Author Your Legacy

Published: January 30, 2015

We are about five years away from the boomer generation becoming a minority in the workforce. The change in demographics has businesses dusting off succession planning documents and asking increasingly urgent questions about strategic direction, talent quality, bench strength, and legacy. Leaders face a critical choice to begin the process: set the table for my successor or leave a mess for someone else to clean up?

In an ideal world, shepherding an effective leadership transition is aligned with the team’s strategic plan. A three year preview of the organization’s vision shapes business goals, tactics, and accountabilities. Once everyone is on board with the overall direction of the enterprise, who/what/where/when questions are easier to navigate. The “how” question is a bit tricky.

The legacy of a leader if often determined more by the way in which he or she finishes the job than by the accomplishments that populate a resume, a LinkedIn profile, or an award banquet speech. It takes a blend of confidence and grace to make space for the person who will someday occupy your desk. Like the passing of a baton in a relay race, both the giver and receiver have interdependent roles.

Follow your strategic plan with whiteboard session:

• Invite the right teammates into the room.
• Begin with a conversation about the transitions that lie ahead.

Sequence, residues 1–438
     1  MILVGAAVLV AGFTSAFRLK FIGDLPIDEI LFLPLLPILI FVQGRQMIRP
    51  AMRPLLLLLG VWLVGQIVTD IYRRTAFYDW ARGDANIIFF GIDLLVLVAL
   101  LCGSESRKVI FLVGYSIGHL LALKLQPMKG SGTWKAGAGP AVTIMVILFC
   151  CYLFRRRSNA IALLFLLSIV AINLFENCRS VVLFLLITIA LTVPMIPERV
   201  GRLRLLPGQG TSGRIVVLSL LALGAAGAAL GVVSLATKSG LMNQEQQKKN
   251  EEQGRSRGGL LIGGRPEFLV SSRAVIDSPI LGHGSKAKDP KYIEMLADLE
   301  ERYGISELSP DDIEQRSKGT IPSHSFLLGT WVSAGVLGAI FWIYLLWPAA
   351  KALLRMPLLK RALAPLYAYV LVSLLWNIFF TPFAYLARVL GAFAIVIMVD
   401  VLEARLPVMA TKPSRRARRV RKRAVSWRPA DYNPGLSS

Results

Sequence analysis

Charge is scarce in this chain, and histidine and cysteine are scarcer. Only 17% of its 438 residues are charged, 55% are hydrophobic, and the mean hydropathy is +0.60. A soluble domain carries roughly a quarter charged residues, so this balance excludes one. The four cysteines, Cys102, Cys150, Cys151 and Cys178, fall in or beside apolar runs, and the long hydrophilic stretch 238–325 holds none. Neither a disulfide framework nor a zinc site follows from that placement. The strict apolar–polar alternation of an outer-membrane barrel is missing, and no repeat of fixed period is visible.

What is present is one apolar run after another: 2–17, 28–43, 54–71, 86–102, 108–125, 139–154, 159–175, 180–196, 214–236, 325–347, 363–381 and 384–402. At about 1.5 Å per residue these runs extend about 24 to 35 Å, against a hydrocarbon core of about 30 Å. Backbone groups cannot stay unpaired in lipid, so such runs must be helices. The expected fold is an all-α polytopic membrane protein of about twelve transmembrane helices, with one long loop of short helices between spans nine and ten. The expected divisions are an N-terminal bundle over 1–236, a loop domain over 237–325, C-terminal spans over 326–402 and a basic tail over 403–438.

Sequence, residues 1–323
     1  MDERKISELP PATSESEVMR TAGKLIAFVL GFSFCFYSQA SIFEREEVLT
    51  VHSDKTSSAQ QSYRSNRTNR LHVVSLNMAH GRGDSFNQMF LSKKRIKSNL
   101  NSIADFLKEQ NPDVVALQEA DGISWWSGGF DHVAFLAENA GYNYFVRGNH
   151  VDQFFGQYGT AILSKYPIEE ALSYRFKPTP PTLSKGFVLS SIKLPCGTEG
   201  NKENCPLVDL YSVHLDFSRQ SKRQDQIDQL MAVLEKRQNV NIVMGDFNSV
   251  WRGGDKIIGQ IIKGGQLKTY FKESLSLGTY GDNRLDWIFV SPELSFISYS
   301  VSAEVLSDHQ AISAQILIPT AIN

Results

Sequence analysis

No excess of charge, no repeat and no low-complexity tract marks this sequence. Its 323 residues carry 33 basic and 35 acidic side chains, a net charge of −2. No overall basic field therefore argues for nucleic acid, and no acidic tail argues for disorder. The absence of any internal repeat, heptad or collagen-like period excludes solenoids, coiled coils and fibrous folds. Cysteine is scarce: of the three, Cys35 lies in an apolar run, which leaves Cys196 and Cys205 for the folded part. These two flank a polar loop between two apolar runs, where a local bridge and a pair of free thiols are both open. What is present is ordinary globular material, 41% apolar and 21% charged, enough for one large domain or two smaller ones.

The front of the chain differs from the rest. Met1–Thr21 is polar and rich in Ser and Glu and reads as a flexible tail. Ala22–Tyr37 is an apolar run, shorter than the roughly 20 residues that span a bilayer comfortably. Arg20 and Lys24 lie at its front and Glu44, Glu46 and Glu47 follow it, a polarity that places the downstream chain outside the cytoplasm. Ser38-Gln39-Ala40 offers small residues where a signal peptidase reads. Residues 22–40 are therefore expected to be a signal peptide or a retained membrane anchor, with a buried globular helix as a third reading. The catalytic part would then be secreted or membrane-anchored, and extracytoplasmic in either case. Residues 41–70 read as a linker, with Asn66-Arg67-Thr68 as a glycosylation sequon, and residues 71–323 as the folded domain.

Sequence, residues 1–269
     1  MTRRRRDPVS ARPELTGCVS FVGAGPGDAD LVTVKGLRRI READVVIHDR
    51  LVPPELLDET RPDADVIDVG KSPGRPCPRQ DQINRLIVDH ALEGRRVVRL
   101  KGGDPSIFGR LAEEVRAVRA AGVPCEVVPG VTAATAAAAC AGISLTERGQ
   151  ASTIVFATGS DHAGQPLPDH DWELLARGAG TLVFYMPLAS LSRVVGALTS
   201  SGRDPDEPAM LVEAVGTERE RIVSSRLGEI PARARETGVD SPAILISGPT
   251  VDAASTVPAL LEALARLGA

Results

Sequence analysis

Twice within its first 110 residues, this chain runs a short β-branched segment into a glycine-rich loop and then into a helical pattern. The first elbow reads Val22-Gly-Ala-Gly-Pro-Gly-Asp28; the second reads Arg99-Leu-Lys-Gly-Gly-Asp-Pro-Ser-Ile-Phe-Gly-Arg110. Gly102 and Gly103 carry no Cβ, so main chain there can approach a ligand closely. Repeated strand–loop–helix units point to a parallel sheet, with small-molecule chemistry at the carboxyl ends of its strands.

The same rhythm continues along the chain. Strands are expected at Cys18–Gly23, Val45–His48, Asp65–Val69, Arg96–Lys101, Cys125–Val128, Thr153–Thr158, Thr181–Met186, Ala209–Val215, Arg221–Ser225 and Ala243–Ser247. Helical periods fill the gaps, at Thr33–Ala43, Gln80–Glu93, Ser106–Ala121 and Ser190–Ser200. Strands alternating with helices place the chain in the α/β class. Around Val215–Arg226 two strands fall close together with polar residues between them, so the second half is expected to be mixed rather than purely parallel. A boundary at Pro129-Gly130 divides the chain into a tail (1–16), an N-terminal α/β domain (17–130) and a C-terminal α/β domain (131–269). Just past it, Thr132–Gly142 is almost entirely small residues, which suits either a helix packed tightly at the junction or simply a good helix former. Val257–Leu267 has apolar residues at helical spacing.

• Acknowledge the delicacy of the exchange and fill it with respect for old, new, similarities, and differences.
• Draw up the organizational chart of the future from current state to change state to desired state.
• Collaboratively evaluate your talent needs over time.
• Voice a commitment to stewarding a healthy change and divvy up responsibility for the tasks required to make it happen.

Author your legacy.

Photo of Steve Ritter, the co-founder of The Center for Team Excellence

Steve Ritter

Steve Ritter is an internationally recognized expert on team dynamics whose clients include Fortune 500 companies, professional sports teams, and many educational organizations. He is on the faculty of the Center for Professional Excellence at Elmhurst University where he earned the President's Award for Excellence in Teaching. Steve is the former Senior Vice President, Director of Human Resources at Leaders Bank, named the #1 Best Place to Work in Illinois in 2006 and winner of the American Psychological Association's Psychologically Healthy Workplace Award in 2010. Steve provides ongoing workplace culture consultation to many thriving companies including Kraft Foods, Advocate Health Care, Kellogg's, the Chicago White Sox, AthletiCo, and Northwestern Mutual Financial Network.